¡Ask A Mexican!
By Gustavo Arellano
A well-known example of Mexican womanhood is Consuelo Velázquez, who wrote “Besame Mucho” when she was 16, but never actually got kissed until she was 25. Clearly the Mexican girl is a shy, delicate, retiring flower who must be approached with restraint and tenderness. Also, there is the tradition of the dueña or chaperon, the female relative or friend who accompanies the girl during her encounters with her boyfriend. As I understand it, the dueña joins the girl in her room at her father’s hacienda as the girl talks to her mounted caballero amoroso through the bars that cover her window. Surely, this is an accurate description of modern Mexican courtship.
On the other hand, Mexican girls are spicy señoritas who dance for coins on the tables of cantinas and tempt men into sin with low-cut peasant blouses worn off the shoulder. Furthermore, when I was growing up I heard rumors of something called a Mexican Donkey Show, which somehow combined Mexicans and donkeys in ways that were never clearly explained, but which seemed ripe with possibility to my eagerly inquiring adolescent mind.
In addition, it is well known that all Mexican girls carry razor blades for the purpose of defending their honor. Whether they are defending their honor against males of the hot-blooded Mexican type or of the coldly calculating Anglo type depends on who’s telling the story and isn’t important. What matters are la mexicana’s warrior traditions and her choice of weapon.
So, my intended is a young woman of virginal sluttiness, a murderously helpless naïf of worldly experience who must be treated with respect and discretion to avoid bruising her tender sensibilities and also to prevent her from cutting off my balls.
My plan is to lull her into lowering her guard by inviting her to the local symphony when they’ve scheduled an all-Manuel Ponce night, take her out afterwards and get her drunk on tequila, steal her razor blade and declare my undying love. This will work because it is every girl’s dream of romance to be drunk, defenseless and at the mercy of an amorous foreigner who doesn’t speak her language.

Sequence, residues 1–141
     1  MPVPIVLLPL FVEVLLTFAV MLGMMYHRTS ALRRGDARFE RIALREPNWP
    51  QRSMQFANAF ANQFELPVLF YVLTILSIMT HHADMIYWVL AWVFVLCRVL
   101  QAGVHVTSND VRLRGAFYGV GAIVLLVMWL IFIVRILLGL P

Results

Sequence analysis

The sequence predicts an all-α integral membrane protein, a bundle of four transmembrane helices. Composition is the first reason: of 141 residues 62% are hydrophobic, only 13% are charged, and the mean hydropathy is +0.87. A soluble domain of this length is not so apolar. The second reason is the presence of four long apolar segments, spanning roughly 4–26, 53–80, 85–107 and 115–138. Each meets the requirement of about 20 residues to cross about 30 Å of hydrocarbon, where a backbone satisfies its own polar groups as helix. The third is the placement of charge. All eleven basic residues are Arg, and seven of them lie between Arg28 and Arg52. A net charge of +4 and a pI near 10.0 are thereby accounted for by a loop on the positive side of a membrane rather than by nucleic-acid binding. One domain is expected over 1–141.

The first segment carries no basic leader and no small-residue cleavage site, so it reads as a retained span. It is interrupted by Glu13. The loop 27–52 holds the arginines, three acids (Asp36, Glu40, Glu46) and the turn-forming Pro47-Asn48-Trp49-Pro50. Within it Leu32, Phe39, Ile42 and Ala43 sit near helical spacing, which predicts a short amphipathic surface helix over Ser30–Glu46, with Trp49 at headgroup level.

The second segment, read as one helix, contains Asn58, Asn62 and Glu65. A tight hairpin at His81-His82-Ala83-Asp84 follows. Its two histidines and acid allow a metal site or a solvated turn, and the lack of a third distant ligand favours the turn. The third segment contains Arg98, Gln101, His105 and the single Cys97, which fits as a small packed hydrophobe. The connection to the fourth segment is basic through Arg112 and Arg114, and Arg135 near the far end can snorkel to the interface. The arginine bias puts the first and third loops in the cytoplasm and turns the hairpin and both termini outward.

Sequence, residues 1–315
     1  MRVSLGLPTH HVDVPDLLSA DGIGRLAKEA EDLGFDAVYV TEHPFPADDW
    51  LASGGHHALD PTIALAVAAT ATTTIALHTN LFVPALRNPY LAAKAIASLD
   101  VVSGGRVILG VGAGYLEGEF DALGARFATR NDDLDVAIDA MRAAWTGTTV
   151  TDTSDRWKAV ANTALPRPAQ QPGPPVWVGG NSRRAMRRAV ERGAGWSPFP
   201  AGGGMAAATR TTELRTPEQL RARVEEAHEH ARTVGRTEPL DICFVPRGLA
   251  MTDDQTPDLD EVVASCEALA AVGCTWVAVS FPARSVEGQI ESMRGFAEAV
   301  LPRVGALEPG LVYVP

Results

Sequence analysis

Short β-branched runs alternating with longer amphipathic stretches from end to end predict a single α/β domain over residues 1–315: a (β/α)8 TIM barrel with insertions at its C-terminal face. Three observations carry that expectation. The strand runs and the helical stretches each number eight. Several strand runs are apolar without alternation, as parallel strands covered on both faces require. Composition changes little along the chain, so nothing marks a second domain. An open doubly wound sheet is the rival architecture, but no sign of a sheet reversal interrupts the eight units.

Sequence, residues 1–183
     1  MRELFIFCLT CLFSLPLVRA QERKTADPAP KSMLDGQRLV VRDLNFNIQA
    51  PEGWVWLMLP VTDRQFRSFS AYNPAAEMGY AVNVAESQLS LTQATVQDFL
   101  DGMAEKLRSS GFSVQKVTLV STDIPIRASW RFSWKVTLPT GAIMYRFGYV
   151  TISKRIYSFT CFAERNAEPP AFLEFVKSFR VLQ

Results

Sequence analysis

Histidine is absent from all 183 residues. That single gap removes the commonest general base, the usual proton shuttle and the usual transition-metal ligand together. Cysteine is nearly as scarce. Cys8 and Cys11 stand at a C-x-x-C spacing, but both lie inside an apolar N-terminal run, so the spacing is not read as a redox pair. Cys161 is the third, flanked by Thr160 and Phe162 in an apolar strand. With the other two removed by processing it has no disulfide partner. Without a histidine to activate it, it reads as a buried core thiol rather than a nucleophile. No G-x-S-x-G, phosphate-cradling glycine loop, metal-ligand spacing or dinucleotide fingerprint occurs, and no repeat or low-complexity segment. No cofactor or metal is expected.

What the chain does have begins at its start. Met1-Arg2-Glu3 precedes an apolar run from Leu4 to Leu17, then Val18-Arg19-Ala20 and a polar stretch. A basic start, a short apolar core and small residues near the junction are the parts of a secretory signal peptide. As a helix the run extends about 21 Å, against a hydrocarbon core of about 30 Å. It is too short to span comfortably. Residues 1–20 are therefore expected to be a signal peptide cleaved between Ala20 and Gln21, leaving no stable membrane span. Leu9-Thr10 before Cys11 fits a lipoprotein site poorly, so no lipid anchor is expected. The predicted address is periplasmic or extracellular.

Unfortunately, even the best-laid plans may be undone by insufficient attention to detail, and in inter-cultural relationships such as this one, it is especially important not to violate the norms of Mexican courtship. My question therefore is this: Will the girl’s family supply the chaperon or do I need to rent one for the occasion?
—Frito Bandito (Cockney Rhyming Slang for “Amorcito Solito”)
Dear Limey: Your summation of the stereotypes surrounding Mexican mujeres? To quote your people, effen‘ bloody brilliant, luv! Wish that the dueña system was still around, though—nowadays, all you need is Juanes on your iTunes, and a Mexican woman’s chonis melt off faster than ice cream on asphalt.
SHOUT-OUT TO: Metropolitan State University of Denver, which lowered tuition rates for undocumented students who have lived in Denver most of their lives after the Colorado State Legislature refused to pass a bill that would’ve done the same. I had the honor of speaking at Metro State in 2010 as part of their Richard T. Castro Distinguished Visiting Professorship, and it’s awesome to see the university continue in the path of the best Chicano activist the rest of the country has never heard of. Metro State—denle gas!